Construction and in vitro studies of magnetic-apoferritin nanocages conjugated with KGDS peptide targeted at activated platelets for the MRI diagnosis of thrombus

  • Wenfeng Luo
  • Huizhuang Guo
  • Yufeng Ye
  • Chen Huang
  • Li Lin
  • Li LiEmail author
  • Yangzhe WuEmail author
  • Hanwei ChenEmail author
Research Paper


Many people have been affected by thrombotic events in several ways, all of which can give rise to the necrosis and death of tissues. Therefore, a sensitive way for detecting thrombus can enhance the efficiency of the diagnosis and the management of thrombosis. This study provided an originally activated platelet-targeted contrast agent for the detection of thrombosis. Utility Gd load apoferritin (Afn) nanocages, for MRI-enhancing contrast, were conjugated with a KGDS peptide, targeting integrin GPIIb-IIIa located on the membrane of human activated platelets. A transmission electron microscope (TEM) and dynamic light scattering (DLS) were used to examine the morphology of the prepared Gd-Afn-KGDS, which had the mean particle size about of 11.59 ± 0.37 nm with a narrow size distribution (the PDI was 0.21 ± 0.02). Hemolysis and cytotoxicity studies showed that the prepared Gd-Afn-KGDS had a great affinity for blood cells and vascular endothelial cells. Microscopy and in vitro MR imaging showed that the targeted nanoparticles bind to the blood clot and enhanced thrombus in the T1-weighted imaging, whereas in the control group, the non-targeted nanoparticles did not appear to have the same features. Thus, the evidence shows that the designed thrombus-specific, targeted T1-weighted contrast nanoparticles could potentially provide a benefit in the detection of thrombosis by MRI which could possibly be used in humans and might be useful for accurate thrombus therapy by entrapping thrombolytic drug inside the apoferritin nanocage.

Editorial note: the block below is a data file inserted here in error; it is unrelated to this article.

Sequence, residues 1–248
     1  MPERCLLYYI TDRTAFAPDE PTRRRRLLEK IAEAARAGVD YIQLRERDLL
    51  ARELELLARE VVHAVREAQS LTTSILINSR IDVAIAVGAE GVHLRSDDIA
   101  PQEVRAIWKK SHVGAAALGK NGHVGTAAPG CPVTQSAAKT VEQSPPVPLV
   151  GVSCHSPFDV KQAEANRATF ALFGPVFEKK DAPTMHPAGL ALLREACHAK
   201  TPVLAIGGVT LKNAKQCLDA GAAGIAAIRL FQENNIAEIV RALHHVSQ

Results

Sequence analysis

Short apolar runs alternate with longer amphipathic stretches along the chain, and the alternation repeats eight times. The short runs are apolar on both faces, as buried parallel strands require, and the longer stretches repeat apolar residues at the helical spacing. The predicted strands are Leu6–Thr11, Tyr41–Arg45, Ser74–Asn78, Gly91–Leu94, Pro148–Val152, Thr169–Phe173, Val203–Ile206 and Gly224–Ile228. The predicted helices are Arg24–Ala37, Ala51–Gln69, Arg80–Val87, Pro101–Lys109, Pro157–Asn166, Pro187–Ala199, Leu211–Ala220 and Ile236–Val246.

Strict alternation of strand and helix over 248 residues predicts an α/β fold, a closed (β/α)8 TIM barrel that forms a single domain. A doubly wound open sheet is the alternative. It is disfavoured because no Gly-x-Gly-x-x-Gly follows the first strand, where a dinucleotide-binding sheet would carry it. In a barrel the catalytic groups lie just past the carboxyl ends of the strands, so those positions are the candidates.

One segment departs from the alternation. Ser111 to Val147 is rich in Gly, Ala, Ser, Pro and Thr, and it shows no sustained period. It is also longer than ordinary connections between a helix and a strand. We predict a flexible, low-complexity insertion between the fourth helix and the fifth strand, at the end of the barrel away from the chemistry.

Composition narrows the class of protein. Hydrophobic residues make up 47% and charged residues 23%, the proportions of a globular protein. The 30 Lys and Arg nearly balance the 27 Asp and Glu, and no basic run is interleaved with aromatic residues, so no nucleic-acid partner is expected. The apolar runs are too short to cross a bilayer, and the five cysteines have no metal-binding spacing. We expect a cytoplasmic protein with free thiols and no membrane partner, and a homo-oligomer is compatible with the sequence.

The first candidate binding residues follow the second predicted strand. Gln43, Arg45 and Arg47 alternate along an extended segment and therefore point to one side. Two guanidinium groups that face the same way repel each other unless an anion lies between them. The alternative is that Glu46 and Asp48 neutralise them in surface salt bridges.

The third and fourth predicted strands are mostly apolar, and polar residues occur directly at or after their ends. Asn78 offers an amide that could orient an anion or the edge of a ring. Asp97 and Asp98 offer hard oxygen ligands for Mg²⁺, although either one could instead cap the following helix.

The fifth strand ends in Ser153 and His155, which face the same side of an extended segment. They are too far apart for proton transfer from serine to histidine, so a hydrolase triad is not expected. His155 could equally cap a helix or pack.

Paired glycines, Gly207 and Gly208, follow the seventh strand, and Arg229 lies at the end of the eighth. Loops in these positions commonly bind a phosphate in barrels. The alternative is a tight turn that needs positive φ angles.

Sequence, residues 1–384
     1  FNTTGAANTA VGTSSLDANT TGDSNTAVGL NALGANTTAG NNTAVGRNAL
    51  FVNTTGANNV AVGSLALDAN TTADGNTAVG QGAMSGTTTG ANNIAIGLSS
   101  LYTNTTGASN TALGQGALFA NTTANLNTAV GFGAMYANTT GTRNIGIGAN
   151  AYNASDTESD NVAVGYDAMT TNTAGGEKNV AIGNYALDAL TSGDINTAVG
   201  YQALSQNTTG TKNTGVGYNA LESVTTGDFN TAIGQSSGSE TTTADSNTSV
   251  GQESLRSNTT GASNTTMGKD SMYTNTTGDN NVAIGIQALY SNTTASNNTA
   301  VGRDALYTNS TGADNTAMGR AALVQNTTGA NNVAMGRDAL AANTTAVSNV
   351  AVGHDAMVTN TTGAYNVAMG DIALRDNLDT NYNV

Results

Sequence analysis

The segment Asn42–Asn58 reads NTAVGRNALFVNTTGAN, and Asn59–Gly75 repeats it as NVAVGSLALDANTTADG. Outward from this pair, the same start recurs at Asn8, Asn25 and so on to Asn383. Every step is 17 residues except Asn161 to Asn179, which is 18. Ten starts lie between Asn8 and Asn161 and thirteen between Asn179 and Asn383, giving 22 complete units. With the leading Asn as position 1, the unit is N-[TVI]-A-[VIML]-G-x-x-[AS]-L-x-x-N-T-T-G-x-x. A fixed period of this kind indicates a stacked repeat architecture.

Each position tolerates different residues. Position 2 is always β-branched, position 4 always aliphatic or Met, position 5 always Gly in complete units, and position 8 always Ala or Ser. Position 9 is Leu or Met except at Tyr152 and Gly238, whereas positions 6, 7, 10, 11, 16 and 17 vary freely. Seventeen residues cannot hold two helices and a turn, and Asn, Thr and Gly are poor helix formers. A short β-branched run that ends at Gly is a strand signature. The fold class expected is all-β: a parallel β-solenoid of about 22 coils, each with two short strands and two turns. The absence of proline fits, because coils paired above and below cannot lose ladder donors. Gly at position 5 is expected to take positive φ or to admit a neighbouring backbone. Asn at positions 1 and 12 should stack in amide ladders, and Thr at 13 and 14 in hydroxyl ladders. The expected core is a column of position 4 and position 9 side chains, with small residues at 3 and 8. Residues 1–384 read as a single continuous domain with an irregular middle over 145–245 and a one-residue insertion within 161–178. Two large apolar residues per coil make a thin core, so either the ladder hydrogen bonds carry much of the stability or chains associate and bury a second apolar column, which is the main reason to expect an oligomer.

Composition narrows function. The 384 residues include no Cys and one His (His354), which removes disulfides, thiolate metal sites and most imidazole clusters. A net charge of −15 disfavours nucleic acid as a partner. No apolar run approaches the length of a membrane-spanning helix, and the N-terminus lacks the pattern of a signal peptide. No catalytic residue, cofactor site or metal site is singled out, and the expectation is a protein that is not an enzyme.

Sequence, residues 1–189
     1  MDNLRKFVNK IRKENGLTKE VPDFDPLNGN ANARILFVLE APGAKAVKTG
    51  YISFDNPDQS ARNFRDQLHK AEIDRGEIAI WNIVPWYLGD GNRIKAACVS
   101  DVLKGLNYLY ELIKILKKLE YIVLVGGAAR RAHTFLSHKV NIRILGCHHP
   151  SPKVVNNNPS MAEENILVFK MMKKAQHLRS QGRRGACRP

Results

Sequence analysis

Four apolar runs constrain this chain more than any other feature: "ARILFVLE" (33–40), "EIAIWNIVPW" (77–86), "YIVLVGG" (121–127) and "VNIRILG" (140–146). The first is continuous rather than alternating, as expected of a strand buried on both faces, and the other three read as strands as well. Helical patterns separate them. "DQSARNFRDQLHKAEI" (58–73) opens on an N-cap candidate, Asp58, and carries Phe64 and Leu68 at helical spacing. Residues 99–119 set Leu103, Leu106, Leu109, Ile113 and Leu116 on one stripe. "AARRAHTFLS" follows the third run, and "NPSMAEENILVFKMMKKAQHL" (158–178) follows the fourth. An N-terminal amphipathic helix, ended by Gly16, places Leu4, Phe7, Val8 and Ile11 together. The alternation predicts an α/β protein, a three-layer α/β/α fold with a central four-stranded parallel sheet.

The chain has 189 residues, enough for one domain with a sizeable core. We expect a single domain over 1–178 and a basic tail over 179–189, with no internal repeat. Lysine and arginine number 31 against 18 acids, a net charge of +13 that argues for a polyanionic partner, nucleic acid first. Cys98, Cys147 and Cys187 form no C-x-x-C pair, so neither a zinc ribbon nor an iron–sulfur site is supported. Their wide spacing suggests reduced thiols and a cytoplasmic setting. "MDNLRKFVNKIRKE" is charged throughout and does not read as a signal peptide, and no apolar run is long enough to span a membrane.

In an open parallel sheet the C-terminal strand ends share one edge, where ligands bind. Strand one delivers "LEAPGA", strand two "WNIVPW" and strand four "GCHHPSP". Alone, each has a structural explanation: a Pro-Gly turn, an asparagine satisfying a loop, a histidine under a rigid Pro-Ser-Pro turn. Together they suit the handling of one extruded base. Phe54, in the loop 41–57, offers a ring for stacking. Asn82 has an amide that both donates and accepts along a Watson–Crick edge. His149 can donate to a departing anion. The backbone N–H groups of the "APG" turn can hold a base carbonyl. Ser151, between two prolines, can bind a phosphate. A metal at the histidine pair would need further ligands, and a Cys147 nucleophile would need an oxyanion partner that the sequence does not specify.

Apoferritin nanocage Activated platelets Magnetic resonance imaging Integrin GPIIb-IIIa Target Nanomedicine 


Funding information

This work was supported by the Science and Technology Program of Panyu (2017-Z04-06), the Science and Technology Program of Guangzhou (No. 201804010012), and the Science and Technology Project of Guangzhou Health Commission (No. 20191A010081).

Compliance with ethical standards

Conflict of interest

The authors declare that they have no conflicts of interests.


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Copyright information

© Springer Nature B.V. 2019

Authors and Affiliations

  1. 1.Department of RadiologyGuangzhou Panyu Central HospitalGuangzhouChina
  2. 2.Central Laboratory of Panyu Central HospitalGuangzhou Panyu Central HospitalGuangzhouChina
  3. 3.The Biomedical Translational Research Institute, Faculty of Medical ScienceJinan UniversityGuangzhouPeople’s Republic of China
  4. 4.Zhuhai Precision Medical Center, Zhuhai People’s Hospital (Zhuhai Hospital Affiliated with Jinan University)Jinan UniversityZhuhaiPeople’s Republic of China

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